Older Arizonans who voted safely and securely by mail in the 2020 election may find that it isn’t so easy next time, thanks to restrictive laws enacted by the state legislature last spring. The majority in the U.S. Congress rightly perceives those laws as a threat to citizens’ sacred voting rights. They are offering federal legislation, the For the People Act, to supersede state laws like Arizona’s and protect the constitutional rights of seniors and other vulnerable groups. But the bill cannot pass the U.S. Senate as long as Republicans can block it using the filibuster.
A narrow change in the filibuster rules would allow this landmark voting rights legislation to move forward on a simple majority vote. Senator Kyrsten Sinema has not yet supported changes to the rule, without which Congress may not be able to protect our voting rights. That’s why nearly 40 organizations, political advocates and influencers in Arizona and Washington, DC have joined us in asking her to reconsider her position – and protect the rights of the people of this state to cast ballots by mail.
More than any other age group, senior citizens benefit from the ease and comfort of vote-by-mail. Mail voting allows older Arizonans who are immobile, sick, or don’t want to risk being infected by the delta COVID variant to exercise their constitutional rights safely. Some 40% of voters age 50-64 and 55% of those over age 65 voted by mail in the 2020 elections.
Those who want to restrict that right falsely claim that voting by mail is rife with fraud. Nothing could be farther from the truth. Studies have shown mail-in voting to be consistently free of fraud. An M.I.T. study found that only 0.00006% of 250 million mail-in votes nationwide were fraudulent. Additionally, scholars at Stanford University analyzing more than twenty years’ worth of data in California, Utah and Washington found vote-by-mail did not advantage one political party over another.
Nevertheless, Republicans in the Arizona legislature bought into the “Big Lie” that the 2020 presidential election results were illegitimate. In May, state lawmakers enacted legislation to prohibit sending absentee ballots or ballot applications to voters unless requested. The new law also imposes stricter signature requirements for mail ballots. Arizona’s law is a solution in search of a problem since county election officials recently reported (in July) fewer than 200 cases of potential voter fraud out of more than 3 million ballots cast statewide in the 2020 election.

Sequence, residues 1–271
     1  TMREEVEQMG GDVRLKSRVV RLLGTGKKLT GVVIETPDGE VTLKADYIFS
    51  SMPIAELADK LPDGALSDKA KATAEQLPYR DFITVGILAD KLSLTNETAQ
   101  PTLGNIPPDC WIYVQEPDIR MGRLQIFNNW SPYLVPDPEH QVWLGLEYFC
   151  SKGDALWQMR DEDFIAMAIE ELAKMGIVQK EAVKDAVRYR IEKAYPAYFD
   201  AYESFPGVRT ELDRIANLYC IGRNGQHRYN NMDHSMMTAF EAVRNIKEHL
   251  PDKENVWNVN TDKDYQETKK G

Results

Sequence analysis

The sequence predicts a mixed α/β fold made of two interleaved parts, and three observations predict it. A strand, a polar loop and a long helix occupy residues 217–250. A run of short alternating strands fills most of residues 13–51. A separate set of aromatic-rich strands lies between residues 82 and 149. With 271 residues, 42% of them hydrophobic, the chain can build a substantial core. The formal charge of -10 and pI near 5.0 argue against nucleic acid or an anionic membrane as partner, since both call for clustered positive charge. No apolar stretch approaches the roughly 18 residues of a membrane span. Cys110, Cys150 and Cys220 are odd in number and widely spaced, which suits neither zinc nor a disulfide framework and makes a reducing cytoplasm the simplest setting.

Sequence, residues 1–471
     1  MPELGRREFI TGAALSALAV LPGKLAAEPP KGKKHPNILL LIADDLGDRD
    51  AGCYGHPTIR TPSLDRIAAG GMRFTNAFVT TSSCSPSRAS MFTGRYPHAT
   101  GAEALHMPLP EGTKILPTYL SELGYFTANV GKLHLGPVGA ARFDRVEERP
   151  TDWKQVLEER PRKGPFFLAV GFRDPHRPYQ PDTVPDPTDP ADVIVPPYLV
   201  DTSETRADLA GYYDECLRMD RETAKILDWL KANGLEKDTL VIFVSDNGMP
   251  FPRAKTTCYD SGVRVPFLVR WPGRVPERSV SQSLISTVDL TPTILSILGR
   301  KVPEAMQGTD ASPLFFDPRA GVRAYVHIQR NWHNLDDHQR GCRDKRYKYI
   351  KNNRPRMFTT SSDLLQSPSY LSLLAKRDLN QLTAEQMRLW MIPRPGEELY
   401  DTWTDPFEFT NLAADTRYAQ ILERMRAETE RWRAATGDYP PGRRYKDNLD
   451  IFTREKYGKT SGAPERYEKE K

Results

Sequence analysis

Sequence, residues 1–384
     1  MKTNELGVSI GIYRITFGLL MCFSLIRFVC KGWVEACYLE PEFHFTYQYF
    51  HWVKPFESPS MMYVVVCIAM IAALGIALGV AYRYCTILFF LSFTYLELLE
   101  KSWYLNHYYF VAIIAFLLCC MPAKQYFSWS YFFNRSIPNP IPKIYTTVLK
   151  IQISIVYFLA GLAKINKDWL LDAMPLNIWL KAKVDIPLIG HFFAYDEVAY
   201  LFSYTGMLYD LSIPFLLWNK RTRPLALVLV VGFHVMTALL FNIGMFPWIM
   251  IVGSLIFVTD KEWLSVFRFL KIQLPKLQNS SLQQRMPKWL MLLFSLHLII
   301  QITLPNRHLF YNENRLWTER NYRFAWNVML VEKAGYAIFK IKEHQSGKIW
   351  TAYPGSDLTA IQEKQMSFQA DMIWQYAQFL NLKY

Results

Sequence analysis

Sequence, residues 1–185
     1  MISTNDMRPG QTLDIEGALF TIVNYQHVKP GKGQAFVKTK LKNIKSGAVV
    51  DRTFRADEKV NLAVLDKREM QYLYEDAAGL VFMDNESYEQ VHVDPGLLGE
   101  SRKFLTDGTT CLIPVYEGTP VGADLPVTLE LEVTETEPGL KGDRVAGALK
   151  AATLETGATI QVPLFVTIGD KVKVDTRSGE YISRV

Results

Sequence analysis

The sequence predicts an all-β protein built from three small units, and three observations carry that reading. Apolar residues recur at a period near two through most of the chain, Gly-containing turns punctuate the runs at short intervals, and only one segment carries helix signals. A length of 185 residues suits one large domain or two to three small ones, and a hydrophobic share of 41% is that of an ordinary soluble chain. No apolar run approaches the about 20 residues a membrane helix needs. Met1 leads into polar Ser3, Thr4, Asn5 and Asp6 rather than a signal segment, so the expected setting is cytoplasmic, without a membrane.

Nearly 20 states have enacted laws this year that will make it harder for Americans to vote. The sole purpose of restrictive, new laws is to suppress votes that the majority party in these state legislatures don’t like. That is undemocratic, un-American, and unacceptable. Voters are supposed to be able to freely choose their elected representatives, and not the other way around.
The federal ‘For the People’ Act would protect all Americans from new state voter suppression laws by setting national mail-in voting standards and guaranteeing no-excuse mail-in voting. It would require states to give every voter the option to vote by mail. These guarantees would assure that seniors – including older Arizonans –could participate in future elections.
Senator Sinema is always responsive to the needs of Arizona seniors. She has made earnest efforts to achieve bipartisan solutions to policy changes which we commend. We urge her to support modifications to the filibuster rule to allow the Senate to approve the For the People Act on a simple majority vote.
Dennis DeConcini is a former U.S. Senator from Arizona. Max Richtman is President and CEO of the National Committee to Preserve Social Security and Medicare.